Honor's Splendour by Julie Garwood
Updated: Jan 30, 2020
This book made my heart flutter. I smiled. I sighed. I held my breath in fear. I felt a range of emotions, and all of them were due to the brilliant writing and story-telling skills of Julie Garwood. For about six hours, I was transported to a world that, for me, was the perfect blend of Outlander, Lord of the Rings, and Game of Thrones.
Duncan, the Baron of Wexton (aka the Wolf), is freed by Madelyne, the beautiful sister of his arch enemy, Louddon. During the unselfish act of warming his feet against her stomach, Madelyn unknowingly binds herself to the fierce warrior. After utterly destroying Louddon's home and the soldiers who lived there, Duncan takes Madelyn to his home.
What I loved so much about this story was the way Duncan and Madelyne's love unfolded. It wasn't rushed. Julie Garwood took her time, letting both characters realize how they felt about each other. Yes, we know they were attracted to each other from the day they met, but, unlike some romance novels, I didn't have to read pages of instalust and roll my eyes at a premature declaration of love. They made out a few times, but they didn't have sex until after they were married. Duncan is a little rough around the edges, but he shows great kindness to Madelyne and protects her. You know he cares for her when he tells his men, "No one touches her. She is mine." He re-emphasizes his position in her life when he tells his youngest brother, "Madelyne is mine, Gilard." Me swooning. Madelyn, a bit stubborn and also sweet, is an admirable heroine. She is brave and proud, yet suffers from low-self esteem due to her brother's cruelty. She has only known love through her mother, uncle, and the kind servants in Louddon's home.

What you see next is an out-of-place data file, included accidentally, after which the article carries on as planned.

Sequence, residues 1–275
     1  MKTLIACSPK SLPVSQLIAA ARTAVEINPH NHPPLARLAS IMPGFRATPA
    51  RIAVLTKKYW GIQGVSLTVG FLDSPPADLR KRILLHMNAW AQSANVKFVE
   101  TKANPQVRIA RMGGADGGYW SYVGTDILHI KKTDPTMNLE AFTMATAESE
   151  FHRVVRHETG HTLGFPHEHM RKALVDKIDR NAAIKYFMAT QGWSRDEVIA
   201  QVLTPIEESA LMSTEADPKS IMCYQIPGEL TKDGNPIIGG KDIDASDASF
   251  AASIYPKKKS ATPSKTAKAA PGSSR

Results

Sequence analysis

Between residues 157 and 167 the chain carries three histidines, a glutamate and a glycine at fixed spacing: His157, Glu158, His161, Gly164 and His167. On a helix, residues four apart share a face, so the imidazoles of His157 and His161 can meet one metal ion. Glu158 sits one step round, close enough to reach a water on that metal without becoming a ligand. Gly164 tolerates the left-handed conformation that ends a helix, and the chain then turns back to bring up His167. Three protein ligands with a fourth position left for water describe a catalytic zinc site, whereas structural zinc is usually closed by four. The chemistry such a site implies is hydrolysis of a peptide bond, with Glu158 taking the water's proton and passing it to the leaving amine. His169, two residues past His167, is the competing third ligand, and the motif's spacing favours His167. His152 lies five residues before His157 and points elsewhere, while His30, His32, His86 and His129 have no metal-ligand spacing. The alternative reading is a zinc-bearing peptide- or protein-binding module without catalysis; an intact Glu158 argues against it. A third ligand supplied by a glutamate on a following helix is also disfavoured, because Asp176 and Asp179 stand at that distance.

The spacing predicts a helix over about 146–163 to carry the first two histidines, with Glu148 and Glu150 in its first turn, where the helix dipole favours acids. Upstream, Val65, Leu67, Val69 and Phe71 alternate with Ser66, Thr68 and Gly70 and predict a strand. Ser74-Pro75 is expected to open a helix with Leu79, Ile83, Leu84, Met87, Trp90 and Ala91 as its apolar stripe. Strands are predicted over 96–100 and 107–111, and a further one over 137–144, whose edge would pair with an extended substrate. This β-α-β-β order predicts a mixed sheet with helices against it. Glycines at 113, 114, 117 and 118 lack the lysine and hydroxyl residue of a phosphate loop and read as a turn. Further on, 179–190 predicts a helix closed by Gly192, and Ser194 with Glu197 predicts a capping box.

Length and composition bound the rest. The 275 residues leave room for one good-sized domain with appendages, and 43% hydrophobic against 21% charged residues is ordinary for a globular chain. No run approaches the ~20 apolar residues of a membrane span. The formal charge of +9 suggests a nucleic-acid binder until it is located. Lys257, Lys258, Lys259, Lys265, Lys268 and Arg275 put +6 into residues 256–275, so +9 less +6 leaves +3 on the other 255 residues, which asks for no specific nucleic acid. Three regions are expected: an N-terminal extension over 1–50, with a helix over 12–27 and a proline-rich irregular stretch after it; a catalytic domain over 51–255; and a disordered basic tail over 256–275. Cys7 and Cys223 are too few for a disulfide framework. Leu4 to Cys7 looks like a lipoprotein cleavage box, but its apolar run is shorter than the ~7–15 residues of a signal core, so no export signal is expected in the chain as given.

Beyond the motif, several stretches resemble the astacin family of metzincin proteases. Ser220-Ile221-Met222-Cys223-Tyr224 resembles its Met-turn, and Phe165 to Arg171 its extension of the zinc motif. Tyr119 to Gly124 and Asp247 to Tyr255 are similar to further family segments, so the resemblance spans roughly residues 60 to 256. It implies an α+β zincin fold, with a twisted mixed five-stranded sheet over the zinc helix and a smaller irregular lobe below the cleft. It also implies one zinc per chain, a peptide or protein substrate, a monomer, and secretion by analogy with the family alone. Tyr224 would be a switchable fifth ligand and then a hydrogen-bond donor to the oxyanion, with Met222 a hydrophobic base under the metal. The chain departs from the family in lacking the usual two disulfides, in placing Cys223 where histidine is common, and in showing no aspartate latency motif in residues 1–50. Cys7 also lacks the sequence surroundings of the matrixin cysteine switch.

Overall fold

Madelyne's innocent notions of sex provided the comic relief I needed while reading a novel sprinkled with uncertainty and fight scenes. I chuckled every time I read the phrase "flat on her back" or "flat on my back." I also appreciated the scenes in which Madelyne and Adela interacted.
I'm certain taking a bath every day wasn't common practice in medieval England, but we'll overlook that oddity which the author added to Madelyne's character. I don't know yet if there are stories about the other two Wexton brothers, but there certainly should be.